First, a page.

" And the said D. E. did then and there, person have any thing to object, let timely in the said assembly, declare as followeth?
And the Friends appointed are to make report at a subsequent
« And the said A. B. and D. E., as a meeting; when, if no objection arise, further confirmation thereof, and in tesliberty is to be granted to the parties to timony thereunto, did then and there to solemnize the marriage.'
these presents set their hands. are to be solemnized at the usual week-day meeting, or at a meel
" D, E. ing appointed at some seasonable hour in “ We being present at the above-said
some other convenient marriage, have also subscribed our names day, and at the meeting-house to which the as witnesses thereunto, the day and year
above written.' "Towards the conclusion of the said meeting the parties are to stand up, and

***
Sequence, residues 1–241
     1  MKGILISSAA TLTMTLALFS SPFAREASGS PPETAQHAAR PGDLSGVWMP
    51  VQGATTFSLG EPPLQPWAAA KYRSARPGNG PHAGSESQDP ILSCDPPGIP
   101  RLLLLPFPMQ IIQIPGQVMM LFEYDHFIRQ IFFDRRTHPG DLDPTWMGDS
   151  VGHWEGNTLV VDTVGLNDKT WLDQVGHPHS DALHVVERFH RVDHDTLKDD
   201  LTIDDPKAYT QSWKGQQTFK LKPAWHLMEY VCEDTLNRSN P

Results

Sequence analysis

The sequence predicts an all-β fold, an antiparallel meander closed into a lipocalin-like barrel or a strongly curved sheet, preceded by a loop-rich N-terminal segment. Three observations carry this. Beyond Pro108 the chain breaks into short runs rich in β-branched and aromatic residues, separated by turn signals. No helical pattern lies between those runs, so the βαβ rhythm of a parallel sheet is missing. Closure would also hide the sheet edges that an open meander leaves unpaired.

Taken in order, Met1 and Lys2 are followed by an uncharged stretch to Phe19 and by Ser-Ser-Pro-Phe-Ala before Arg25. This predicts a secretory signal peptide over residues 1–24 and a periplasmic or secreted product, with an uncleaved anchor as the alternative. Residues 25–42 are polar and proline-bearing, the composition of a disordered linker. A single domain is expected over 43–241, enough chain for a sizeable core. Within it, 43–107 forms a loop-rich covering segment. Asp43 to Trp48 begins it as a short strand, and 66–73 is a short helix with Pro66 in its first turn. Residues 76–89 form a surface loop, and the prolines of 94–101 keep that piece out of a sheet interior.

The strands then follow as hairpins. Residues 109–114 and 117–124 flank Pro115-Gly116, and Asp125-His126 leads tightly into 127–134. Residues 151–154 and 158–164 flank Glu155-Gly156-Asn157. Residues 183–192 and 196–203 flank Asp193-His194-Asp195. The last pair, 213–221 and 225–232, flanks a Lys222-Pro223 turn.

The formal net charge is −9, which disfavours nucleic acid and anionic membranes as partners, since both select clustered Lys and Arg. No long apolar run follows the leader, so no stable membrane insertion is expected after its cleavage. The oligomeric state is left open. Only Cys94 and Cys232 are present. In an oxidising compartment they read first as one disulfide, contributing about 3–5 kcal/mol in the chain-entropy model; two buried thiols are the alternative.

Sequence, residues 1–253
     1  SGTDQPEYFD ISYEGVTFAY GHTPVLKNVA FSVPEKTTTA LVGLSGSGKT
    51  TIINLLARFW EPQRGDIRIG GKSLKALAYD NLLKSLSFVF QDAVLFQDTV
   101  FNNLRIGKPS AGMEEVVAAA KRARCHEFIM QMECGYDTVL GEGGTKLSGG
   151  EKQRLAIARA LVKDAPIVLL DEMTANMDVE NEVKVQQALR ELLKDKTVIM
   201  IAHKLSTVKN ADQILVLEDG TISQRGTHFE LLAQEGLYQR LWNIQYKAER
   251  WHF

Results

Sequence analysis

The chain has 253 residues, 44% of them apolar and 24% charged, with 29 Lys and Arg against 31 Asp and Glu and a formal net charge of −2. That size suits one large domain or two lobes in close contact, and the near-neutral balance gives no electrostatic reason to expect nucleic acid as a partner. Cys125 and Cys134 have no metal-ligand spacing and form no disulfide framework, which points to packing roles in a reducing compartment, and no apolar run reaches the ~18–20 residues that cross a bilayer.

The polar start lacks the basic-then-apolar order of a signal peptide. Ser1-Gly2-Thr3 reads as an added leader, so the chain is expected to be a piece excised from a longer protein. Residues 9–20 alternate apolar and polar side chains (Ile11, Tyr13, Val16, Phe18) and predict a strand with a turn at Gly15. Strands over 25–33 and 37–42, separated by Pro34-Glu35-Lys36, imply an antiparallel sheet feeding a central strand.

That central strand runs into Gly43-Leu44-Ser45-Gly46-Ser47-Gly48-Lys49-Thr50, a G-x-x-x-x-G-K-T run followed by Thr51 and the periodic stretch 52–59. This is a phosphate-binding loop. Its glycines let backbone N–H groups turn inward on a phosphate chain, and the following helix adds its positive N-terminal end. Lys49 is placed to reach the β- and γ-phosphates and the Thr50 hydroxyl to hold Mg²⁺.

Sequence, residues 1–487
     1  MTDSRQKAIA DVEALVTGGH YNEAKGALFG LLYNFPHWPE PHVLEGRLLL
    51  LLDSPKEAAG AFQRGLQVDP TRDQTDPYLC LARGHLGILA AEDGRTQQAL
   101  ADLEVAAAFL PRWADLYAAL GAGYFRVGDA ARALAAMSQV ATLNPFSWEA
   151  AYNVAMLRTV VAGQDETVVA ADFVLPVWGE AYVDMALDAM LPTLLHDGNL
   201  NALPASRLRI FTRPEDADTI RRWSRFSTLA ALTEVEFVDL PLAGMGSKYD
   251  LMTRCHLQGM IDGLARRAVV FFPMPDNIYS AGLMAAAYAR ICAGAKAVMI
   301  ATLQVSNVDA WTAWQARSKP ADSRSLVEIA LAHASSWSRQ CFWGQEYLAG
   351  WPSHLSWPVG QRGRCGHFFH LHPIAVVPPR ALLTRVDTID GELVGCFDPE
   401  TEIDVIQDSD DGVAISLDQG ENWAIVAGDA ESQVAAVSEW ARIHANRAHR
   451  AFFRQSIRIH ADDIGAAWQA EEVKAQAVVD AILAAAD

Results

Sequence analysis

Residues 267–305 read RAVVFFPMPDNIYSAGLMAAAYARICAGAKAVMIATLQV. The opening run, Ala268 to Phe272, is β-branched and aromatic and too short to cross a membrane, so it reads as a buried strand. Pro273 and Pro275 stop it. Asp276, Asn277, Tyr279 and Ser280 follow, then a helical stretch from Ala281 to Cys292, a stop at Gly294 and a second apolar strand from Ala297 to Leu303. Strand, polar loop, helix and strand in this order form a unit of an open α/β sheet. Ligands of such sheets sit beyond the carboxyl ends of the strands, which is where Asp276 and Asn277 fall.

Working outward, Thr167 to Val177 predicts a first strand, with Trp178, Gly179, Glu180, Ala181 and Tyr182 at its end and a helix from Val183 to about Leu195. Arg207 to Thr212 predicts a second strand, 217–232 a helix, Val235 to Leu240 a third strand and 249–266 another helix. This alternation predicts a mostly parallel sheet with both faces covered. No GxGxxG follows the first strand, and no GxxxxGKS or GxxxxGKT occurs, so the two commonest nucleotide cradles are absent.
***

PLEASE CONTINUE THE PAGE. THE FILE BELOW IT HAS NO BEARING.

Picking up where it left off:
The foregoing is the whole of the taking each other by the hand, 10 declare, marriage ceremony used in the Soin an audible and solemn manuer, to the ciety of Friends; but in addition, it following effect : the man first, viz, is ordered, Friends, I take this my friend, D. E., " That two registers of all inarriages, 10 be my wife, promising, through Divine agreeable to the following form, be signed assistance, to be unto her a loving and at a convenient time on the day of marfaithful husband, until it shall pleuse the ringe, by the parties themselves, and by Lord by death to separate us; and then three wiinesses, and be carefully delivered the woman in like manner : Friends, I to the next monthly meeting ; one of them take this my friend, A. B., to be my husband, promising, through Divine assis. kept for that purpose ; and the other to be